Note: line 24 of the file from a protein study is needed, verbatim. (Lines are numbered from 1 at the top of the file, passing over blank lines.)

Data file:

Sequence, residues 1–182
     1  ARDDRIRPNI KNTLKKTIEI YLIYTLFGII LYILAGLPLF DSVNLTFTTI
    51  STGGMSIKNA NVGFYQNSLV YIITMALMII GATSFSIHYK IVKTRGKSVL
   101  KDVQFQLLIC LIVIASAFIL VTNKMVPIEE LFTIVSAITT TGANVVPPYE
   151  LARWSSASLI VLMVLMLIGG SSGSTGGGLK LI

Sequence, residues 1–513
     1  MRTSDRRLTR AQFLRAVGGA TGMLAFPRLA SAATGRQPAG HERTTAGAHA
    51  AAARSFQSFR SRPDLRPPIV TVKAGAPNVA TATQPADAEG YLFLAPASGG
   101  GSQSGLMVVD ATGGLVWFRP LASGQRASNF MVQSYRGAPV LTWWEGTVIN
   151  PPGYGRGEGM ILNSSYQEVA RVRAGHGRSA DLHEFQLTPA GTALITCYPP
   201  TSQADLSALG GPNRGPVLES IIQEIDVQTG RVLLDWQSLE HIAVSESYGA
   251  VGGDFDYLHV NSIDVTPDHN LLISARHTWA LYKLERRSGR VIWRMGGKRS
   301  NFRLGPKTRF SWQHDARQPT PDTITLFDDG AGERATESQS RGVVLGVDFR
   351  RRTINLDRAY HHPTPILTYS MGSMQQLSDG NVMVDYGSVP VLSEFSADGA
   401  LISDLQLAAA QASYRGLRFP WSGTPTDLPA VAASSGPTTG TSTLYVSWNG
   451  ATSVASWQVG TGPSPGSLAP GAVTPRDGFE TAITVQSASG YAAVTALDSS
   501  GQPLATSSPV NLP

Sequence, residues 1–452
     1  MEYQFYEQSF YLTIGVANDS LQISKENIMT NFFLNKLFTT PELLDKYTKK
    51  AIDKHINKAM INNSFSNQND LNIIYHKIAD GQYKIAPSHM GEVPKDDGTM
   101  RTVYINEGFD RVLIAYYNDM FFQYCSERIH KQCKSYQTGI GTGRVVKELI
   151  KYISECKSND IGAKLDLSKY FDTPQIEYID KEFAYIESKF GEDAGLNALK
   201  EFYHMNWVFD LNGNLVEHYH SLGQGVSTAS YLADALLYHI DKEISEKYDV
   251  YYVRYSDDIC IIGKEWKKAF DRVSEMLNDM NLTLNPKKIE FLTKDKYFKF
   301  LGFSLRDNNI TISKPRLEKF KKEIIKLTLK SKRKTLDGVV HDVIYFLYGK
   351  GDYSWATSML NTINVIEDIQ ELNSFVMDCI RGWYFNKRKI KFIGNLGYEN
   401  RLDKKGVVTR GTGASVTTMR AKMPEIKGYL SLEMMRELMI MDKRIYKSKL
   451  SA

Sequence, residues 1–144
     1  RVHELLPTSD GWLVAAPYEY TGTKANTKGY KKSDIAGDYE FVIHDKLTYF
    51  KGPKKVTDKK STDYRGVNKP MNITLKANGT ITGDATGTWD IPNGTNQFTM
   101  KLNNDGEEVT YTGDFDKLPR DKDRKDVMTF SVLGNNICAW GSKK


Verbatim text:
   251  YYVRYSDDIC IIGKEWKKAF DRVSEMLNDM NLTLNPKKIE FLTKDKYFKF